Cybernetic Approach


The cybernetic approach to EMF-induced biological effects begins with a view of the living system as a black box. The animal is considered to have an unknown internal organization, and the only factors regarded as accessible to investigation are the applied EMF (input) and the biological effect (output). Empirical data that describe relationships between various inputs and outputs is generalized into empirical laws that furnish insights into the relevant component processes. The empirical laws cannot conflict with known physical law, but they need not conform to a process or behavior observed only in a model system. The reports described in the preceding chapters provide a basis for this approach, and they may be summarized this way:


I. EMFs can alter the metabolism of all body systems, including the nervous, endocrine, cardiovascular, hematological, immune-response, and reproductive systems.

2. The effects on each tissue or system are largely independent of the type of EMF. The studies suggest that there are common physiological pathways for spectrally different EMFs, and that the major consequence associated with specificity of the EMF is that it determines the magnitude or direction-as opposed to the existence-of the biological effect. On the other hand, certain spectral characteristics-pulse modulation frequency seems to be one of the most important-can fundamentally modify the biological response.

3. An organism's response to an EMF is determined in part by its physiological history and genetic predisposition; individual animals, even in an apparently homogeneous population, may exhibit changes in opposite directions in a dependent biological parameter.

4. Although high-field-strength and long-duration studies are exceptions, EMF-induced biological effects seem best characterized as adaptive or compensatory; they present the organism with an environmental factor to which it must accommodate.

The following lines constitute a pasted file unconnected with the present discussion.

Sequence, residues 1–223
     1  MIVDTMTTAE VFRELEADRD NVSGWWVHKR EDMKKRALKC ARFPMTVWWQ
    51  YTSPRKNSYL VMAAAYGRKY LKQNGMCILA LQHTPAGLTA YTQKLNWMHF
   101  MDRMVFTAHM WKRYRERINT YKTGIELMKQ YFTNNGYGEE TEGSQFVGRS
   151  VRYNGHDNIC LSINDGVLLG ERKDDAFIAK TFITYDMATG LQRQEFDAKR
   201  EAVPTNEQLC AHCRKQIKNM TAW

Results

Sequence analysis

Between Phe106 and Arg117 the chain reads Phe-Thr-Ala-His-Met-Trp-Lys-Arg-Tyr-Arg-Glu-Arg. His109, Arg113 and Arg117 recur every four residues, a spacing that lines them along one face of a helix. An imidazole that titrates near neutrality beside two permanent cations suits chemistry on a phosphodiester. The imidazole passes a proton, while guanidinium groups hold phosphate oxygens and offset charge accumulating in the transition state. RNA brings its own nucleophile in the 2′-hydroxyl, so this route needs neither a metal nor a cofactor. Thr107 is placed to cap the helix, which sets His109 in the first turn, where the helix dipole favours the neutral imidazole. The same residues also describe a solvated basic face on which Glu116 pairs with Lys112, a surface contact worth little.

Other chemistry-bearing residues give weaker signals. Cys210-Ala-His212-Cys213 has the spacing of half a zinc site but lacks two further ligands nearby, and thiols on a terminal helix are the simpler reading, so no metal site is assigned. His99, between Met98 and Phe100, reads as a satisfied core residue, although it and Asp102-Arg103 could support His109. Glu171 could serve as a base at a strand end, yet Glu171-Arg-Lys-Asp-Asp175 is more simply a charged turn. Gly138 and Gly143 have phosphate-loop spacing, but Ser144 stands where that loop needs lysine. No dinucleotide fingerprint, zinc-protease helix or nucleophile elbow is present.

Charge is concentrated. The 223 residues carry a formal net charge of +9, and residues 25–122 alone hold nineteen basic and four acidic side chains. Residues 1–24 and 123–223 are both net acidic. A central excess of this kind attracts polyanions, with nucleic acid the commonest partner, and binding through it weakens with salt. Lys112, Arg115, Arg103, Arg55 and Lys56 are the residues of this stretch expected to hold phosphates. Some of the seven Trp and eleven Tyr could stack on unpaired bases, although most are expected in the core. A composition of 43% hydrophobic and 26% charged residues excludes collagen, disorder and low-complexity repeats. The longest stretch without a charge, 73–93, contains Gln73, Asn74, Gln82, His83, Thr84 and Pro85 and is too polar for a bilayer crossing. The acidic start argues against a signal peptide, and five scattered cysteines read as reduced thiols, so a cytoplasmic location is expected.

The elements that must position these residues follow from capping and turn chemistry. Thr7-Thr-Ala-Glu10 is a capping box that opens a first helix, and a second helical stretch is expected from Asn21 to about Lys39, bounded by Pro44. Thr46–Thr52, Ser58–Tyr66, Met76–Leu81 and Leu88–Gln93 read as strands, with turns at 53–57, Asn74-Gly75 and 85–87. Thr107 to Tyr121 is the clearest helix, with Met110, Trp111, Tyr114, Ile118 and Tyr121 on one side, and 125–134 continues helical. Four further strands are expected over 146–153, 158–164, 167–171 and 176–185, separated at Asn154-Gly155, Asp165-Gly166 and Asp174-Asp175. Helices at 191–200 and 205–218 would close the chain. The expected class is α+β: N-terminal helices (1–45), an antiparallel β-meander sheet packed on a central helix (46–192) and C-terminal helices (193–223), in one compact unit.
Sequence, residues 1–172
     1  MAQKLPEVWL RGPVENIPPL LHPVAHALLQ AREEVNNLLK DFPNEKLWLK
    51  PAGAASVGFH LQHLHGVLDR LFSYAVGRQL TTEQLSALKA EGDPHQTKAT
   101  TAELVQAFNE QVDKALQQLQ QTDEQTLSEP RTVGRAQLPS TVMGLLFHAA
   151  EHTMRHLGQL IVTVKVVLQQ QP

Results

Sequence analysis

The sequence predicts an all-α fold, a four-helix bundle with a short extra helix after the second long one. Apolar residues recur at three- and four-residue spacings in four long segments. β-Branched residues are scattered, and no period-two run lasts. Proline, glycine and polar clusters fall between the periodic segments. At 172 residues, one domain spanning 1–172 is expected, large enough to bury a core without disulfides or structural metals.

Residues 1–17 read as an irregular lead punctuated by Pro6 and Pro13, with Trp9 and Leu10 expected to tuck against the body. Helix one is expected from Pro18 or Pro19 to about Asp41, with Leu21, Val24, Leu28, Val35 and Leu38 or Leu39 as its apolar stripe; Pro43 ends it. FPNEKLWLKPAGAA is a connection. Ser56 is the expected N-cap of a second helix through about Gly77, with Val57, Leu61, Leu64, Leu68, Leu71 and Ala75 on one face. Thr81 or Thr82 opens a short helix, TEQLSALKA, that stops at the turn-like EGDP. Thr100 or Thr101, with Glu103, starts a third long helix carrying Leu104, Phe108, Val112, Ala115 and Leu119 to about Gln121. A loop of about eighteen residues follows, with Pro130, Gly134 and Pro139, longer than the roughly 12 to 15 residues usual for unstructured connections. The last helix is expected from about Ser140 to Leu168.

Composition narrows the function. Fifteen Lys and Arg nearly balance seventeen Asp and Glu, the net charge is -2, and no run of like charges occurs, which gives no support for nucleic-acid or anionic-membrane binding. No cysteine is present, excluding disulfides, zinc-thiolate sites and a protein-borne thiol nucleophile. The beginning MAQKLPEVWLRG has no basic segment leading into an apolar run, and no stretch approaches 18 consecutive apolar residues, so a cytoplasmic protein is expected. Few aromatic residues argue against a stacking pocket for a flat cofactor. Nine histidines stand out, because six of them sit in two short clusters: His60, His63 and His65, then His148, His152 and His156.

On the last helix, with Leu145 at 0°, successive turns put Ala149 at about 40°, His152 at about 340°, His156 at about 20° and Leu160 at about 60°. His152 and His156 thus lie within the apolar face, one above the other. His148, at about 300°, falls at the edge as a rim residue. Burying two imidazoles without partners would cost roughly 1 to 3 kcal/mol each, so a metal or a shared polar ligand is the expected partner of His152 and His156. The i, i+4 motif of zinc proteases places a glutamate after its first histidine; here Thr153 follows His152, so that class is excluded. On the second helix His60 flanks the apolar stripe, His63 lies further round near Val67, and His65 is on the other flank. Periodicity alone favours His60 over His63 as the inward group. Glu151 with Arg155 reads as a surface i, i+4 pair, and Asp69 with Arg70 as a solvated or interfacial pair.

If attention were restricted to EMF-related changes in individual body systems such as intermediary metabolism, the immune-response system, or the adrenal gland, it might be hypothesized that the action of the field involved certain enzymes, specific antibody regions of certain cells or particular organs. But the studies clearly showed that EMFs produce a complex interrelated series of physiological changes (see Figure 8.4). It follows that the consequences of EMF exposure must be understood in terms of an integrative response of the entire organism. In our view, after the EMF is detected, information concerning it is communicated to the central nervous system which then activates the broad array of physiological mechanisms that are available to furnish a compensatory response (Fig. 9.1). As is generally true of an adaptive response, the particular biological system that is invoked, and the nature of its response, will depend on numerous factors including the animal's internal conditioning and its external environment. With one notable exception, the biological processes that follow detection of an EMF are the same as those associated with the response to any biological stressor. Thus, for example, the cellular or molecular mechanisms that operate in the adrenal following a cold stress to produce altered serum corticoid levels will also operate following an electromagnetic stress, because adrenal activity is initiated by neuronal and hormonal signals, not by the actual presence of the stressor agent in the tissue. Thus, advances in the understanding of EMF-induced systemic effects are tied to general progress in physiology. Even so, electromagnetic stress has a characteristic which sets it apart from other stressors: electromagnetic stress is not consciously perceived. This suggests that sub-cortical brain centers are the first mediators of the electromagnetic stress response. The physical processes that occur in this as-yet-unidentified center must, therefore, be different than those associated with the mediation of other stressors -heat, cold, trauma, for example- all of which are detected peripherally and are then consciously perceived.


Fig. 9.1. The basic control system that mediates EMF-induced biological effects. The field is detected and transduced into a biological signal which is received in the CNS. The resulting hormonal and electrical signals to the various body systems initiate the appropriate adaptive physiological responses.


Bearing in mind the studies described in part two of this book, it can be concluded that the adaptive response occurs primarily when the EMF is outside the frequency range to which the organism is intrinsically sensitive. Inside the range, the EMF can supply information to the organism concerning its environment.

Chapter 9 Index